A confessed bank swindler who thought he was answering a parole violation summons fled the courthouse after he apparently spied some documents showing he was about to be arrested.
John Earl Petersen, 54, left the federal courthouse, got into his black 2007 Cadillac and drove away on Tuesday afternoon. He stranded his lawyer, Bevan J. Maxey, who had ridden with him to court.
Peterson was cited Nov. 28 for violating the conditions of his supervised release. He reported to a courtroom filled with FBI agents, deputy U.S. marshals and federal probation officers for a hearing, but by the time his case was called, he was gone.
"He showed up, read some papers and then fled the courtroom," Assistant U.S. Attorney Thomas O. Rice told the magistrate. "He's no longer here."
It was not clear why Peterson was going to be arrested. A court clerk said documents on the case were being withheld from the public until his arrest. Rice also would not comment on the case, including any new accusations, until Petersen is arrested.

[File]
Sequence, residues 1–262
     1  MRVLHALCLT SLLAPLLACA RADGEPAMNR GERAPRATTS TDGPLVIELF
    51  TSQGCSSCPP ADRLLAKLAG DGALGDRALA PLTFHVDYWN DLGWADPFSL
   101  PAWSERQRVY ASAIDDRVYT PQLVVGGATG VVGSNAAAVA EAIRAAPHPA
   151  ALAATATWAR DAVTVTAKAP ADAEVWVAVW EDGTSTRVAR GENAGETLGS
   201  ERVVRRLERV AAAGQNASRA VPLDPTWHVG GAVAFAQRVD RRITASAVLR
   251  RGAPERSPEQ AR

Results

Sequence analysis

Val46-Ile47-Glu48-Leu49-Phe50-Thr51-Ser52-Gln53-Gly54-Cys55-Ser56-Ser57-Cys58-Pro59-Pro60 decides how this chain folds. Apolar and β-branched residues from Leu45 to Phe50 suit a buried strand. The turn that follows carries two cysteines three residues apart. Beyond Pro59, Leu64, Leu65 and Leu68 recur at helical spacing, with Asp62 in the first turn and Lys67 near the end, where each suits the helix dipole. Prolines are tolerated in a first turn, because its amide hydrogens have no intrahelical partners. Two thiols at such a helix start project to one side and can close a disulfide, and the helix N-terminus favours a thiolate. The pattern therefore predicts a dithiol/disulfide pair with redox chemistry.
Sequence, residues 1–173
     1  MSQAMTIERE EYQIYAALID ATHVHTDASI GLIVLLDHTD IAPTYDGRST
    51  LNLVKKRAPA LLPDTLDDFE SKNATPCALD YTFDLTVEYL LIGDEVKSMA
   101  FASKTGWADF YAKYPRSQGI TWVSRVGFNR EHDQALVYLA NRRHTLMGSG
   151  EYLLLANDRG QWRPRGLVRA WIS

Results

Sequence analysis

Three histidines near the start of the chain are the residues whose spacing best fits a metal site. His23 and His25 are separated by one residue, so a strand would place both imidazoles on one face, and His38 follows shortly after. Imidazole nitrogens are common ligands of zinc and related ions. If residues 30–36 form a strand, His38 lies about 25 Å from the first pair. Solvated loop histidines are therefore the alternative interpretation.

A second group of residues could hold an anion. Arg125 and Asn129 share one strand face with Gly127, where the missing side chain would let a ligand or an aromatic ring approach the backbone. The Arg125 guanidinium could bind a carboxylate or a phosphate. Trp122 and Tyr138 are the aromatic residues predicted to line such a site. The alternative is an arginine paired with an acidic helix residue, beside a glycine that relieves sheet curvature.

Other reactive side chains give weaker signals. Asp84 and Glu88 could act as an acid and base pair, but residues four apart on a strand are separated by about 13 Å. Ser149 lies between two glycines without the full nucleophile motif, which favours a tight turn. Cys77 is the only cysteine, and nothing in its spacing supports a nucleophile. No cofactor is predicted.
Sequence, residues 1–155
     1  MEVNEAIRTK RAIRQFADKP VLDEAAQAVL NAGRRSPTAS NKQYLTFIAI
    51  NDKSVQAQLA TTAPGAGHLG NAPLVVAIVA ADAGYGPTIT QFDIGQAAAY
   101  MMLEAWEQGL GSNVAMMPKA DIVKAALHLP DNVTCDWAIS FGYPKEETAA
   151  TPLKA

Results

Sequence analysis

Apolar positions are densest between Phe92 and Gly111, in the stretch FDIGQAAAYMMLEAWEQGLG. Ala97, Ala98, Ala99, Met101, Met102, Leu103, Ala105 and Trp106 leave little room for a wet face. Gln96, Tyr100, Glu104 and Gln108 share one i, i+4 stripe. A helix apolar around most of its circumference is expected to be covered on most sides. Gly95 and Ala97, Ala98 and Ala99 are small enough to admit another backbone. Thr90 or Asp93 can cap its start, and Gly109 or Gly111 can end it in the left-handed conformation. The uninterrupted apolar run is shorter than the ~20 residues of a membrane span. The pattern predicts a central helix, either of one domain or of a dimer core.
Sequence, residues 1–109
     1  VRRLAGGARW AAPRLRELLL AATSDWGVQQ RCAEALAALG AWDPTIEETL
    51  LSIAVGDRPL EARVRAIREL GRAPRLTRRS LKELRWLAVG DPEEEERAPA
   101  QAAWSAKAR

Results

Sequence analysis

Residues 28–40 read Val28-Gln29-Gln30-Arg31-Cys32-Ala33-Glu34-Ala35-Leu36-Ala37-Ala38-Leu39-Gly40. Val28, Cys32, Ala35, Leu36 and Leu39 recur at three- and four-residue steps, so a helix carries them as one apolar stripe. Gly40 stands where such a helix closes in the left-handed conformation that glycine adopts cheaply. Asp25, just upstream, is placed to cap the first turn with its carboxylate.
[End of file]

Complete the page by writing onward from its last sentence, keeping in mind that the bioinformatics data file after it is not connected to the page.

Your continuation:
Peterson was the kingpin in a fraud scheme from 1990 to 1996 in which he pocketed $6.5 million, leading to the collapse of Mountain Bank of Whitefish, Mont., according to court documents. He agreed to testify against half a dozen bank officials who accepted bribes from him.
Peterson pleaded guilty to conspiracy, bank fraud and money laundering, and was sentenced to nine years in prison in 1998. The judge cut the term to five years because of his testimony.
Petersen has been living at the home of his 95-year-old aunt in Spokane, apparently using her bank account to lavishly remodel the residence after moving her into a nursing home, according to an affidavit from a federal probation officer.